California, Illinois and Amtrak are among recipients of high-speed rail funds rejected by Florida
California, Illinois and 13 other states, along with Amtrak, will share $2 billion in federal grants aimed at developing high-speed rail service, money that had been rejected by Florida, officials announced on Monday.
The grants were announced by Transportation Secretary Ray LaHood in a statement. The winners were chosen from among 100 applications by 24 states, the District of Columbia and Amtrak.
“The investments we’re making today will help states across the country create jobs, spur economic development and boost manufacturing in their communities,” LaHood stated.
Florida Gov. Rick Scott rejected the more than $2 billion in federal aid for a high-speed link connecting Tampa and Orlando. He argued that the project was unneeded and that traffic did not justify that type of investment. He also maintained that the project would eventually end up costing Florida taxpayers more than $3 billion, which the state could ill afford.
Scott joined two other newly elected Republican governors, John Kasich of Ohio and Scott Walker of Wisconsin, in rejecting high-speed rail funds. The Obama administration, led by Vice President Joe Biden, has made high-speed rail one of its priorities.
“Earlier this year, President Obama and I made a commitment to improve and expand America’s transportation system, including the development of a modern, national high-speed rail network,” said Biden, a longtime rail advocate and commuter from his home in Delaware to Washington. “And today, we’re announcing investments that will continue our progress toward making this vision a reality. These projects will put thousands of Americans to work, save hundreds of thousands of hours for American travelers every year, and boost U.S. manufacturing by investing hundreds of millions of dollars in next-generation, American-made locomotives and rail cars.”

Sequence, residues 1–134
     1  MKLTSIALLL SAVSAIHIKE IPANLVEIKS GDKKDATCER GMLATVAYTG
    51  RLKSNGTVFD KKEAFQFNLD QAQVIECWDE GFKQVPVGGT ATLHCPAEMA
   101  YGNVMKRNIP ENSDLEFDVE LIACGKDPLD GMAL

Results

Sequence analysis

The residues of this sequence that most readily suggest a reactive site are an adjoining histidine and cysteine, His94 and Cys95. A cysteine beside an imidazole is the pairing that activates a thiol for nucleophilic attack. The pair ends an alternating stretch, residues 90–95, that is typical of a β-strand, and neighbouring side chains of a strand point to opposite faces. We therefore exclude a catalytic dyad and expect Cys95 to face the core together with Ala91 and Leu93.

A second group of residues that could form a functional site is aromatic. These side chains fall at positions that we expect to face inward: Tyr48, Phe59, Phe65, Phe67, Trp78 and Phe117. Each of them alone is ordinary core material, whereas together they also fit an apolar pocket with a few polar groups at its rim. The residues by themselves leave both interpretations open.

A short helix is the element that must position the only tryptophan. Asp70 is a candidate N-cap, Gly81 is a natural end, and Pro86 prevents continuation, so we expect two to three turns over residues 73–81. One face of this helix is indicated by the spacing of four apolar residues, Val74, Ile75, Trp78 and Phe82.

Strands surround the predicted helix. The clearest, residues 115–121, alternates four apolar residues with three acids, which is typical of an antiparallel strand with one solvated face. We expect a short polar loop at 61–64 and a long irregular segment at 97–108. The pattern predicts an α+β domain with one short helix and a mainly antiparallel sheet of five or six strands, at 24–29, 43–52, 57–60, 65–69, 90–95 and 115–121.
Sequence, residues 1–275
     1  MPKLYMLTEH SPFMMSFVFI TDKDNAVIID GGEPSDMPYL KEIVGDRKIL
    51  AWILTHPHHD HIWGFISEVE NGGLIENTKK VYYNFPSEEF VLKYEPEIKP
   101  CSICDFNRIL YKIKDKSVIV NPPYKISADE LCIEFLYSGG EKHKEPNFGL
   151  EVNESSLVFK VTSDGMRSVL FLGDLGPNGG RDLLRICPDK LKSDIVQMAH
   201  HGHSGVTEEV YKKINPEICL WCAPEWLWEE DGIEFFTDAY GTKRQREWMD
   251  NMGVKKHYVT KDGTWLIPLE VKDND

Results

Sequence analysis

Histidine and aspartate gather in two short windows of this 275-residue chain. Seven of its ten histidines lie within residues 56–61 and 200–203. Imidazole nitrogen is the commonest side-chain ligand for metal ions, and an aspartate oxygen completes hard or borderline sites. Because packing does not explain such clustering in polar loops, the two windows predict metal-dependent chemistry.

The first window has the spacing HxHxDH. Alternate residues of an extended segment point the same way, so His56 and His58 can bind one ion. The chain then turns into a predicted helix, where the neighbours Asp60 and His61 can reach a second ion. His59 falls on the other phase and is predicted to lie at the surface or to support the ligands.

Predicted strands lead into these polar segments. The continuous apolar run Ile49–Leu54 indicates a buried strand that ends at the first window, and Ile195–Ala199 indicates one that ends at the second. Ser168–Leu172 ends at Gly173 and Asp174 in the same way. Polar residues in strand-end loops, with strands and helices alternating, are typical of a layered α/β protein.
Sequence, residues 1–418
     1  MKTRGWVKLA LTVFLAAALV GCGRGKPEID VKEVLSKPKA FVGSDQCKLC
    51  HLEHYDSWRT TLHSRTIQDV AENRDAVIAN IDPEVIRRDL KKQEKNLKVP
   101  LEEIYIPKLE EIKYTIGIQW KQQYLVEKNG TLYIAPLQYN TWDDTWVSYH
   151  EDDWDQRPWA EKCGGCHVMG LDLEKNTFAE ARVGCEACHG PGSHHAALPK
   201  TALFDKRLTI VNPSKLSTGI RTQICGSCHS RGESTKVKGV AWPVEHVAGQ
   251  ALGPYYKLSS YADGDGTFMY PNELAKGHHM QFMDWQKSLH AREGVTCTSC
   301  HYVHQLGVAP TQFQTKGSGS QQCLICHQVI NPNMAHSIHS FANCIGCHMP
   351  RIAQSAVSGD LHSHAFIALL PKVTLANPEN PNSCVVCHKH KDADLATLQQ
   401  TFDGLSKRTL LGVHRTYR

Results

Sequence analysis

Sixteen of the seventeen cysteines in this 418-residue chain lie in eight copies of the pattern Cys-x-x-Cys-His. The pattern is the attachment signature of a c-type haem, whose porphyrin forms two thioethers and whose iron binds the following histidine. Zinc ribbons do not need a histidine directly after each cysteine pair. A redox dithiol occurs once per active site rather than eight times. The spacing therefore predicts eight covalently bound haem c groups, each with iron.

Of Monday’s awards, Amtrak, the nation’s passenger rail service, will receive $795 million for work on the northeast corridor that links Washington through New York to Boston. More than $400 million will go to high-speed service in the Midwest, including a Chicago-Detroit connection, and $300 million is directed at advancing the San Francisco-Los Angeles link.
Almost $3.5 billion in federal funds has now been committed for the California high-speed train project -- the first segment of which is planned for the Central Valley. Combined with state matching funds, rail officials say the state will have $6.33 billion to invest in the line.
California Sens. Dianne Feinstein and Barbara Boxer praised the award. In February the senators urged LaHood to send their state the money Florida had rejected.
“This is great news for Californians, who have already made strong financial commitments to infrastructure projects,” Feinstein said. “I applaud Secretary LaHood for responding to our request and allowing the state of California to utilize these funds to advance high-speed rail. No other state is as ready and able to lead the way in demonstrating the viability of high-speed rail. In addition, these funds will support thousands of new manufacturing, construction, and technology jobs in California.”
“I’m thrilled at this latest investment in California’s high-speed rail system, which will create thousands of jobs and help us build a cleaner and more efficient transportation system to move people all across our state,” Boxer said. “Secretary LaHood’s decision recognizes the commitment California voters have made to making our state a model for high-speed rail in America.”
The grant will be awarded to the California High Speed Rail Authority to extend the current proposed Central Valley route an additional 20 miles, they said.
The Central Valley route would eventually provide 220 mph high-speed rail service from Los Angeles to San Francisco. The work funded in this round will extend the track and civil work from Fresno to the “Wye” junction, which will provide a connection to San Jose to the West and Merced to the north, according to the federal Department of Transportation.
A separate grant of $68 million will be used for 15 high-performance passenger rail cars and four quick-acceleration locomotives for the Pacific Surfliner, San Joaquin, and Capitol corridors in California, the DOT stated.
The Chicago to St. Louis corridor will get $186.3 million to construct upgrades between Dwight and Joliet, Ill., with trains operating at 110 mph for more than 220 miles of track. “This investment will reduce trip times, enhance safety and add more seats on the corridor, increasing the number of people who can conveniently travel by train,” the DOT stated.
Another $268.2 million will be used to purchase 48 high-performance passenger cars and seven quick acceleration locomotives for eight corridors in the Midwest, the agency said.
Simon reported from Washington and Muskal reported from Los Angeles.
Times staff writer Dan Weikel contributed to this report